It has been about two weeks now since we wrote our “Phantom Index” paper and we promised to keep you up to date as to the feedback we have received from market participants. Unfortunately, we have yet to hear from any exchanges, regulators or index providers since we published our paper. We thought that exposing the fact that indexes were being calculated with only a subset of data would at least draw some inquiries from the regulators. We understand that they are probably very busy approving the constant parade of exchange fee changes and new order types, as well as arranging for building leases, but we expected at least a courtesy inquiry.
There are many participants in the market that probably wished we never drew attention to this issue and are probably hoping that it “will just go away.” Participants such as exchanges that benefit from volumes that so called “ETF arbitrageurs” provide to them certainly would like this issue to disappear. ETF arbitrageurs who look to profit from these sub second price discrepancies would like this issue to disappear. Index providers who license out their indexes would like this issue to disappear. Data vendors who calculate the index for the index provider would like this issue to disappear. Well, to make sure that the SEC is aware of the “phantom index” issue, we will be filing an official comment with the SEC directly. We intend to make sure that at least they analyze the issue and decide if every trade should in fact be included in the intraday index calculation.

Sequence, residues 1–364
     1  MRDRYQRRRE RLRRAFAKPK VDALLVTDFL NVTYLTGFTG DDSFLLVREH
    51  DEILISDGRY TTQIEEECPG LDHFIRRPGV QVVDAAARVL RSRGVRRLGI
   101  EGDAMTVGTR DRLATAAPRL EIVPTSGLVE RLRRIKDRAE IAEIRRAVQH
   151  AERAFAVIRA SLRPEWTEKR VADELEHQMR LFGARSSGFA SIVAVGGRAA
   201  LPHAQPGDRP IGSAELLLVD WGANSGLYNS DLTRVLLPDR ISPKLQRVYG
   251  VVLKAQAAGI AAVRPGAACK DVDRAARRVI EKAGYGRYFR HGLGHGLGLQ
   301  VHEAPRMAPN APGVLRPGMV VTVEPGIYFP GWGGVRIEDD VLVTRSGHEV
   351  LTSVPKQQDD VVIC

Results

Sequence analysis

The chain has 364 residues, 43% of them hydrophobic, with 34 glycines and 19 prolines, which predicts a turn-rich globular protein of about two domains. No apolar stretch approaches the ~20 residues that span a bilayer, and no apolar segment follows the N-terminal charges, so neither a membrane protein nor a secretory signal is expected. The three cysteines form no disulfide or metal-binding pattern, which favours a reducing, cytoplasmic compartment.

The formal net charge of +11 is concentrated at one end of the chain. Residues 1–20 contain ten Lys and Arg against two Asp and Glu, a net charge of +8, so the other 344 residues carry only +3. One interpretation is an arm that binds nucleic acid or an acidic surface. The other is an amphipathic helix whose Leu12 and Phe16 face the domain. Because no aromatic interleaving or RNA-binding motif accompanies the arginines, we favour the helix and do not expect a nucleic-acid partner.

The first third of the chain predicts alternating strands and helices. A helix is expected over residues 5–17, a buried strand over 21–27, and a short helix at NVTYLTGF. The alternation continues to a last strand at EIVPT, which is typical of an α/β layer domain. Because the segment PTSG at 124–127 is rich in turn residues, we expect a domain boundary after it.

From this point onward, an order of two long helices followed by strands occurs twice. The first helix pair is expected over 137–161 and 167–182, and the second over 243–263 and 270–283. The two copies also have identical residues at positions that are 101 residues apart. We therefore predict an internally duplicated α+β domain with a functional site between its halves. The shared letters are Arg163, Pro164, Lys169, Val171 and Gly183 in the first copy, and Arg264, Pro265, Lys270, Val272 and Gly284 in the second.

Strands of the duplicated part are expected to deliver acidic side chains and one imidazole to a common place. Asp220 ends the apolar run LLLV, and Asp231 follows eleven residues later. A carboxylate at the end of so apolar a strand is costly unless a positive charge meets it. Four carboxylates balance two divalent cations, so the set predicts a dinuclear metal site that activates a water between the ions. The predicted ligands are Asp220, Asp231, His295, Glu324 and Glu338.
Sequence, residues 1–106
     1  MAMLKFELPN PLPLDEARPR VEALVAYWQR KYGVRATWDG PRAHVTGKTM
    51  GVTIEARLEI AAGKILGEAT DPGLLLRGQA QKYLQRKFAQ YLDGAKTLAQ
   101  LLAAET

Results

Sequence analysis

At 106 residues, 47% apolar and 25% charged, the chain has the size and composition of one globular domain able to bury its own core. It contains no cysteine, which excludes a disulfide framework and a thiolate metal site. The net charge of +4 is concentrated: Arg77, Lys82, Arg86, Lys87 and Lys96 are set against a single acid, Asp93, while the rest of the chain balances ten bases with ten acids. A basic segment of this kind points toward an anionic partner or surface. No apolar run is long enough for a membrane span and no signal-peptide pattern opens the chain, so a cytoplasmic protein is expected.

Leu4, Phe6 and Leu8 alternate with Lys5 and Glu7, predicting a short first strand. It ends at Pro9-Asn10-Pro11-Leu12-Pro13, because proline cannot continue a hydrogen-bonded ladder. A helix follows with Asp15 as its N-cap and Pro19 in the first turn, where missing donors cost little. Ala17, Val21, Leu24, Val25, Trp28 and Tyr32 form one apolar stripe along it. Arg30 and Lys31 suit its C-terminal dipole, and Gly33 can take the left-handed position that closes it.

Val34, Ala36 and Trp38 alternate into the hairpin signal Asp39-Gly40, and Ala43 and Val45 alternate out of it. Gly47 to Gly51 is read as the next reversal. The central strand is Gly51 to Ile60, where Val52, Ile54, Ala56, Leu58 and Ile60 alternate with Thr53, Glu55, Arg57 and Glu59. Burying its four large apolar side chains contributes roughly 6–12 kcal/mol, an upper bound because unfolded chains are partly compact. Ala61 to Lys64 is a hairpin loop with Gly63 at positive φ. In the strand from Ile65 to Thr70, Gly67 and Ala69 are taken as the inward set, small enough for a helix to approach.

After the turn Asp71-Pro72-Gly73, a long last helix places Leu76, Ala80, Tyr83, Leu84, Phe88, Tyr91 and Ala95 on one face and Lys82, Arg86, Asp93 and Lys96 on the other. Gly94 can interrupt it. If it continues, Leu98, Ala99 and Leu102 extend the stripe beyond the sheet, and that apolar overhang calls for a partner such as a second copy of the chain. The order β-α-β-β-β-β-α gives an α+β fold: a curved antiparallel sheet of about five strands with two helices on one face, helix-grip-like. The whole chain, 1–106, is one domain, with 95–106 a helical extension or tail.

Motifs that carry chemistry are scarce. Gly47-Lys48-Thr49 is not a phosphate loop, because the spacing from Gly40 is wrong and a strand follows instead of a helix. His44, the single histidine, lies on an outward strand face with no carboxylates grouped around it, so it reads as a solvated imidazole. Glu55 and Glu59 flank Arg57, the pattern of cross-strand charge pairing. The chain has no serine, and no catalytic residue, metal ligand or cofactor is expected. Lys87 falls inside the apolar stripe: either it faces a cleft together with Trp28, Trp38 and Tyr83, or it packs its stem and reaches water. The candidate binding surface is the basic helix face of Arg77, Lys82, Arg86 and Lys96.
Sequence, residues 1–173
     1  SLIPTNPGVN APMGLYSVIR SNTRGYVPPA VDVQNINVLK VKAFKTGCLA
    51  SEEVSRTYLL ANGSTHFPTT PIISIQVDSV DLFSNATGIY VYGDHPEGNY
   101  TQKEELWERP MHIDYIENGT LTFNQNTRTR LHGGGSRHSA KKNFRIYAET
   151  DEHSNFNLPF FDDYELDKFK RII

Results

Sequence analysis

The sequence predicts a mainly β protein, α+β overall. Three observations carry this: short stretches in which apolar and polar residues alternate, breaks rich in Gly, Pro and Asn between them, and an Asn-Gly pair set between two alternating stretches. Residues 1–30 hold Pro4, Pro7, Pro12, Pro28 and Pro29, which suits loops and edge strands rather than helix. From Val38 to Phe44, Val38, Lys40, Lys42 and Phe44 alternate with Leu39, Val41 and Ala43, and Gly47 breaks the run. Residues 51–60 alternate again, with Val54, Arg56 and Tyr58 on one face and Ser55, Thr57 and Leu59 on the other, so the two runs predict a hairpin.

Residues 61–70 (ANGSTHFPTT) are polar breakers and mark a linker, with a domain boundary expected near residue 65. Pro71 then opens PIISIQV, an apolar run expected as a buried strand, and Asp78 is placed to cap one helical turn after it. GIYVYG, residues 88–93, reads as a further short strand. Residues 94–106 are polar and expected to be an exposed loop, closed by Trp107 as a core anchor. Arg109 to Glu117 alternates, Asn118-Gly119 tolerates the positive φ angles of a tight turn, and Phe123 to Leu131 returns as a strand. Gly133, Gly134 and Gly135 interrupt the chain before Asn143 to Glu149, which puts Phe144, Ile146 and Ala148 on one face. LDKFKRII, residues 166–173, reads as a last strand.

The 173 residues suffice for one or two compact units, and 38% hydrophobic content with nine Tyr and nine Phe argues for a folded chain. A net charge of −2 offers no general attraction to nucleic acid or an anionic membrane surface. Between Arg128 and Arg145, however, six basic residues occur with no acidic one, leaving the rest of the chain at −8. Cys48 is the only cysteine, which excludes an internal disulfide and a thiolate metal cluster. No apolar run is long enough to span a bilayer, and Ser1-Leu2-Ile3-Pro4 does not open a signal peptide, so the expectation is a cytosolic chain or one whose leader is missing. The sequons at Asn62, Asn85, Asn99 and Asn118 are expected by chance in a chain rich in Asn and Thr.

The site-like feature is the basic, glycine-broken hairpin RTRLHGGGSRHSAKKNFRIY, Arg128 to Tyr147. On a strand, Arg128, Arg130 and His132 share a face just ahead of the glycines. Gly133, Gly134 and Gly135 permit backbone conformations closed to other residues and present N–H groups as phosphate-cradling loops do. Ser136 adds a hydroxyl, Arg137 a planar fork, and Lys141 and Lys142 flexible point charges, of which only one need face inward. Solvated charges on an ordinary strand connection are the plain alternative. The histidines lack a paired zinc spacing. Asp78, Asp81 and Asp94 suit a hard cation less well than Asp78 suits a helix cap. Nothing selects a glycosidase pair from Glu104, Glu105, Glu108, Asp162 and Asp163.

Speaking of indexes, we wanted to point out a very strange occurrence that happened yesterday with some major European indexes. According to Bloomberg, “The AEX Index in Amsterdam, France’s CAC 40, Belgium’s BEL 20 and Portugal’s PSI-20 stopped updating at 9:56 a.m. Paris time and resumed at 1:35 p.m…a spokeswoman for NYSE Euronext in Paris blamed the hiatus on an unspecified “technical incident”.” Read Bloomberg Article Here Even though the index values were not being
calculated, individual stocks were still trading and traders who subscribe to direct data feeds were still able to calculate their own index value down to the microsecond. What is so interesting about this “technical incident” is that it happened just as the major European indexes were breaking down. The CAC 40, BEL 20 and PSI indexes were all down between 2.6% and 3% right before this incident. And then in the 30 minutes after this glitch shut down these indexes, other European indexes magically started to rise. The FTSE 100 rallied almost 1% in the next 30 minutes. It appears this glitch saved the European market from a much bigger decline. The glitch seems to have acted as almost a quasi-circuit breaker. How fortunate for global investors that the “glitch” occurred at this time. Must have been a coincidence, right?